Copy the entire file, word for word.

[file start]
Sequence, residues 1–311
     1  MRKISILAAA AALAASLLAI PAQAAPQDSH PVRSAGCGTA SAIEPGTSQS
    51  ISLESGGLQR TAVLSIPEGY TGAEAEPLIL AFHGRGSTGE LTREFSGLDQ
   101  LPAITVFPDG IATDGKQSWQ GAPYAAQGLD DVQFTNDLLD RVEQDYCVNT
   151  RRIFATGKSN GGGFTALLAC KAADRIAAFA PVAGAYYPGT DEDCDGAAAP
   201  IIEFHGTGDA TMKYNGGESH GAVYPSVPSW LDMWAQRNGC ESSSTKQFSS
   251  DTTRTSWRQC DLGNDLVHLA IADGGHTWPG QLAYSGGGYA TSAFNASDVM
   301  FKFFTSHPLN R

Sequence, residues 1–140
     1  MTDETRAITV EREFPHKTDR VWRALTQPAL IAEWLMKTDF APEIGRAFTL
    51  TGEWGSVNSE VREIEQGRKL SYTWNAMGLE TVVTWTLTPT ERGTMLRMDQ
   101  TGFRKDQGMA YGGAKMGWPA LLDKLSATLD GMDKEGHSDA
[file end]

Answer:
Sequence, residues 1–311
     1  MRKISILAAA AALAASLLAI PAQAAPQDSH PVRSAGCGTA SAIEPGTSQS
    51  ISLESGGLQR TAVLSIPEGY TGAEAEPLIL AFHGRGSTGE LTREFSGLDQ
   101  LPAITVFPDG IATDGKQSWQ GAPYAAQGLD DVQFTNDLLD RVEQDYCVNT
   151  RRIFATGKSN GGGFTALLAC KAADRIAAFA PVAGAYYPGT DEDCDGAAAP
   201  IIEFHGTGDA TMKYNGGESH GAVYPSVPSW LDMWAQRNGC ESSSTKQFSS
   251  DTTRTSWRQC DLGNDLVHLA IADGGHTWPG QLAYSGGGYA TSAFNASDVM
   301  FKFFTSHPLN R

Sequence, residues 1–140
     1  MTDETRAITV EREFPHKTDR VWRALTQPAL IAEWLMKTDF APEIGRAFTL
    51  TGEWGSVNSE VREIEQGRKL SYTWNAMGLE TVVTWTLTPT ERGTMLRMDQ
   101  TGFRKDQGMA YGGAKMGWPA LLDKLSATLD GMDKEGHSDA